Some say that very little amounts are given to federations, but they donít realise how much special grants federations are given in a calendar year.

But in the case of football, the PSB could face problem in implementing the tenure restriction clause as FIFA has already warned Pakistan of a ban through a letter if it found any political interference in the PFF affairs.

The world football governing body has already spent millions of dollars on infrastructure in Pakistan and it also gives the PFF around Rs50 million annually.

Insertion of tenure restriction clause in the constitutions of the federations is very important as it will play a vital role in the development of sports. By doing so, old faces, who no longer have the vigour and spirit to promote their respective sports disciplines, will be sent home. The decision will help bring fresh faces to serve the countryís sports better.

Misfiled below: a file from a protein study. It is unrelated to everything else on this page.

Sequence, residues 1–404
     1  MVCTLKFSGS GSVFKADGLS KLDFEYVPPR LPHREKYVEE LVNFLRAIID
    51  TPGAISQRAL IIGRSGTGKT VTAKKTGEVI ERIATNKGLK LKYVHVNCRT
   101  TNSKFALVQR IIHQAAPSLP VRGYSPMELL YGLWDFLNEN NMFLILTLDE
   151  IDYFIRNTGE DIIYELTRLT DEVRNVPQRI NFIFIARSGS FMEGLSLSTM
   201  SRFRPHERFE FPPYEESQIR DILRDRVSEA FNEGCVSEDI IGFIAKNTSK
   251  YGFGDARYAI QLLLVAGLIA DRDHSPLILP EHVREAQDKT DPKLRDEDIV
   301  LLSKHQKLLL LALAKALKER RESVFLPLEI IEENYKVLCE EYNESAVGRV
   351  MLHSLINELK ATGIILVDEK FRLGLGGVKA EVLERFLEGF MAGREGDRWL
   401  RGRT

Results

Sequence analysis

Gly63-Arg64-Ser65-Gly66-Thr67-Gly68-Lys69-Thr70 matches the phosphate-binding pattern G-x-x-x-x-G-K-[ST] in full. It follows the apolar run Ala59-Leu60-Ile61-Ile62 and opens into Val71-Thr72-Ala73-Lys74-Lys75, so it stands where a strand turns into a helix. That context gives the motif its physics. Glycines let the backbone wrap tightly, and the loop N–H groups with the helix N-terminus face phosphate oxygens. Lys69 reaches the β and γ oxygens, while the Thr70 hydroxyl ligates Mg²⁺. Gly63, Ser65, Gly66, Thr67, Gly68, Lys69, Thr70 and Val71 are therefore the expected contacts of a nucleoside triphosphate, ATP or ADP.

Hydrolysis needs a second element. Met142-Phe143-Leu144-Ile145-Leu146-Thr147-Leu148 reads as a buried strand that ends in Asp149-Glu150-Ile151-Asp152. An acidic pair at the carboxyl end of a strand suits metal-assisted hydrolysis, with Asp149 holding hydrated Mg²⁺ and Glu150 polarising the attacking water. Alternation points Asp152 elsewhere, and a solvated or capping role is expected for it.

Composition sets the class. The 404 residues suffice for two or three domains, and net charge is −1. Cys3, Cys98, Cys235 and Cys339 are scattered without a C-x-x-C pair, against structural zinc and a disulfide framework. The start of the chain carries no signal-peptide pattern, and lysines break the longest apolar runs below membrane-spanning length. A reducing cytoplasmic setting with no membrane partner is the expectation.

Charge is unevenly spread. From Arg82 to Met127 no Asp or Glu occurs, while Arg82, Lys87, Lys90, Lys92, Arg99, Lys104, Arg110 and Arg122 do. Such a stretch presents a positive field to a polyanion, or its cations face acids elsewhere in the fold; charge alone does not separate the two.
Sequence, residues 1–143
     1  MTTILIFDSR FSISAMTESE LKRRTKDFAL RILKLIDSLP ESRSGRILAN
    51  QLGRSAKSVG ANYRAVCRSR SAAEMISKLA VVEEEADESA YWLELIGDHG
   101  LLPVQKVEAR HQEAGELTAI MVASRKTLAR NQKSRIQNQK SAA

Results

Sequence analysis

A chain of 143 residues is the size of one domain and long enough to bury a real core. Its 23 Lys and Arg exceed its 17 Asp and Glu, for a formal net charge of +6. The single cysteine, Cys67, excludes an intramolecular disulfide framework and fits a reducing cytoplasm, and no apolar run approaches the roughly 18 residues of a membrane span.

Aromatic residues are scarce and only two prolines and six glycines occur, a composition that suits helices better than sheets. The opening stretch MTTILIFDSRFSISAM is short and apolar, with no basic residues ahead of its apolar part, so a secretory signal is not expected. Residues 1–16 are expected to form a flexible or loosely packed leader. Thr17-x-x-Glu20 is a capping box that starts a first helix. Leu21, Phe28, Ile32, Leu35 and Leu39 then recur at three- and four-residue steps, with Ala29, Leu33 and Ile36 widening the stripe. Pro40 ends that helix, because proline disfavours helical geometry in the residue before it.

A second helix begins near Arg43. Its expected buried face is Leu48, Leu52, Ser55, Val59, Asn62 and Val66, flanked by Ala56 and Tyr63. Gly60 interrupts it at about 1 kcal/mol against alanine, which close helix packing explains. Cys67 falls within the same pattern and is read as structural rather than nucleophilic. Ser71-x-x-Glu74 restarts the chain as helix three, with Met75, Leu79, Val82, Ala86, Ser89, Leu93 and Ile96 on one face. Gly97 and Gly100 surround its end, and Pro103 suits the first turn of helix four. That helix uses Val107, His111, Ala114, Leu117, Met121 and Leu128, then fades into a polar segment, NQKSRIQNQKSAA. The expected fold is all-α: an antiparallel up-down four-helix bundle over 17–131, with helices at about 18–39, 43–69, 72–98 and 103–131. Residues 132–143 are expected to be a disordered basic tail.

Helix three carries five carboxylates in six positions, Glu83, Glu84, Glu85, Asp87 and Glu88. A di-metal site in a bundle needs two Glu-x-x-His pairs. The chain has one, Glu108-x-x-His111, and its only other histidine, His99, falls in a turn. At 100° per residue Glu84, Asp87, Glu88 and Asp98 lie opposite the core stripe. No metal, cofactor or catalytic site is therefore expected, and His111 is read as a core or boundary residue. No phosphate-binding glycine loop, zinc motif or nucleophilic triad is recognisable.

Pakistan has not lifted a medal in the Olympics since the 1992 Barcelona Games when the hockey team captured a bronze.

The countryís performance has also kissed extreme low in continental competitions, particularly the Asian Games. It is a pity that a few of the top sports personalities were seen in a picture along with the Pakistan hockey team in the Olympic village in London the other day. Keeping in view the condition of their sports back home they should not have gone there. But being joy-riders they enjoy their trips ó maybe because it is the only major benefit they get from their posts. POA chief says that the governmentís interference in the affairs of federations and the POA is against the IOC Charter and if the government committed any violation of the international laws IOC would ban Pakistan.

The question that arises here is: Who made him the POA chief eight years ago? Was it not General Pervez Musharraf? Why did IOC not take any action at that time against Pakistan when the government was directly involved in appointing the POA chief? And the POA chief himself violated the IOC Charter when he wrote a letter to the Prime Minister and the President recently, requesting them to stop PSB from interfering in the affairs of the POA and sports federations.